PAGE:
Through a host of small efforts like this, people like the Marchants have reduced their carbon footprint by half in the last five years. Although smart meters are currently an experiment in Britain, in tens of thousands of homes, the government is debating a plan to put smart metering on all 46 million home gas and electricity meters in the country.
Just as movie stars build eco-mansions, families here have made their old Victorian houses eco-friendly, too. But they have done it through a host of minor, inexpensive interventions like under-the-roof insulation, solar water heaters and hallway meters that leave their homes looking, well, like old Victorian houses.
"When people talk about an eco-house they picture a sleek house in the countryside with solar panels and wind turbines. Well, good for them. But that's not how the average person lives," said Mischa Hewitt of the British Low Carbon Trust, which helped to organize a series of Eco-Open Houses here on weekends so that Brighton's residents could show each other what they have done. "What's more important, what we're encouraging, is to take old properties that were not built for energy efficiency and turn them around to save carbon, save energy and save money," she said.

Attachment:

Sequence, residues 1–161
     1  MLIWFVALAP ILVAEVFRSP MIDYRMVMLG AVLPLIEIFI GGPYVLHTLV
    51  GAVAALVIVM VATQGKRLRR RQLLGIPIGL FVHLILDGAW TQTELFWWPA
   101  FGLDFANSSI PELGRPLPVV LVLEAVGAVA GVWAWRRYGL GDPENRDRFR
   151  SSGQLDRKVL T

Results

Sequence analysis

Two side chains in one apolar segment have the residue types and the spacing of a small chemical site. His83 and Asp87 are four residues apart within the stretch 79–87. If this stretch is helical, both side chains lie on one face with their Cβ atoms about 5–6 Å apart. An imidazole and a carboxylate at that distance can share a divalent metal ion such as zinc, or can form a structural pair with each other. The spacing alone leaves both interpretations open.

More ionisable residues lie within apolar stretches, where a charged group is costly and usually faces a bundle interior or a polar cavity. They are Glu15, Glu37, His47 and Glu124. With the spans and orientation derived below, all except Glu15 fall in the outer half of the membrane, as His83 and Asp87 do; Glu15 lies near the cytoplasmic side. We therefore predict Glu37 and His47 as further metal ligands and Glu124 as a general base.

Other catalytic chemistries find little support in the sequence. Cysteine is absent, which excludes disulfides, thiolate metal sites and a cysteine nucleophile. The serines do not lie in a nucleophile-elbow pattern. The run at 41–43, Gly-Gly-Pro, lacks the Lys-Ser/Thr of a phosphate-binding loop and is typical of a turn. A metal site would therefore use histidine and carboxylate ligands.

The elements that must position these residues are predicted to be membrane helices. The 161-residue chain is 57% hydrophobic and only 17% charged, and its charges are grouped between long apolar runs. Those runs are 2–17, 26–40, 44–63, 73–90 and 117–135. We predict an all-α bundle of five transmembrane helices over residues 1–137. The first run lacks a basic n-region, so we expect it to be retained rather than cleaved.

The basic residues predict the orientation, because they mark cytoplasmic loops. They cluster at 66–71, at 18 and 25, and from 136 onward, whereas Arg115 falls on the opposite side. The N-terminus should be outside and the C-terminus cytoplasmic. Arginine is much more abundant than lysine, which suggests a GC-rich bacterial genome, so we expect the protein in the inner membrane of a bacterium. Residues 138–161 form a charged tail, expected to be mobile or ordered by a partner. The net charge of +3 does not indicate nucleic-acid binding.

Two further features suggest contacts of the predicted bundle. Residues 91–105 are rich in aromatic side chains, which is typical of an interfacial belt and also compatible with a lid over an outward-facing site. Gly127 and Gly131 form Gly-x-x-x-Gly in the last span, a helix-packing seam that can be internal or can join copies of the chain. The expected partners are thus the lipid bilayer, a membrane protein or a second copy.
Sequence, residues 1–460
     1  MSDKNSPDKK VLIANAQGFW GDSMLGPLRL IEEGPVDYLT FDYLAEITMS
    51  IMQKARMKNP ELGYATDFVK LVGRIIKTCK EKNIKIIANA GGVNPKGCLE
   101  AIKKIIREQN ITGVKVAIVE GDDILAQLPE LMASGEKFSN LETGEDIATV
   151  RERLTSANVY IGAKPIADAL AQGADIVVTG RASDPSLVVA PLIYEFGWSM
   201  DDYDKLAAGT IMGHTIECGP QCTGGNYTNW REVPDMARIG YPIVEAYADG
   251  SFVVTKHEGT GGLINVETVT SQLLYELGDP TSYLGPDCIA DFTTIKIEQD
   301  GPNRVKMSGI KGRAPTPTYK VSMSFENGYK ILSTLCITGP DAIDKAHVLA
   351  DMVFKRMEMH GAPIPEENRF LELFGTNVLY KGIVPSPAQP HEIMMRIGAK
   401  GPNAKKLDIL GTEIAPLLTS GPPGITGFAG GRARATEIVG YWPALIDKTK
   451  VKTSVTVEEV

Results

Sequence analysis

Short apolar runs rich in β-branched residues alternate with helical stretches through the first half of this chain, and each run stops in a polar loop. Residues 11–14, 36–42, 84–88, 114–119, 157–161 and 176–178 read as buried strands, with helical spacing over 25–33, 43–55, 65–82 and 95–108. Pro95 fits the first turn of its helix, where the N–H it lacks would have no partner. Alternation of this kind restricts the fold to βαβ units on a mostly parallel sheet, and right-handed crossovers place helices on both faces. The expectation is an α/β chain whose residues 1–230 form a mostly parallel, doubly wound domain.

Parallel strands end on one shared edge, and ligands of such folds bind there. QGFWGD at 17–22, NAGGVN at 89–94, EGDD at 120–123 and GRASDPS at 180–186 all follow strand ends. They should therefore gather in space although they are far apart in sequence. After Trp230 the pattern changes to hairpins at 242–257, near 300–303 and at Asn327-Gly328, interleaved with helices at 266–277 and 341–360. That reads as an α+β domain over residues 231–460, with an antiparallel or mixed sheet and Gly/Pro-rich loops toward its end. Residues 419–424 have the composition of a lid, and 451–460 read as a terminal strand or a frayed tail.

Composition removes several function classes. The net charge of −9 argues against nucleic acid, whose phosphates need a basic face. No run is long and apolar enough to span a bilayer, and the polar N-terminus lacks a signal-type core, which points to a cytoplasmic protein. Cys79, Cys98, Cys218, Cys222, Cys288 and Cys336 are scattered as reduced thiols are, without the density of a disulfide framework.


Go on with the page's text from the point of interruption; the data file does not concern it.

Brighton was voted most sustainable city in the United Kingdom last year by the British research group Forum for the Future. Its politicians recently have made reducing carbon emissions a high- profile public priority, helping to bring eco-consciousness to the trenches, to the very ordinary houses and apartments where most people live.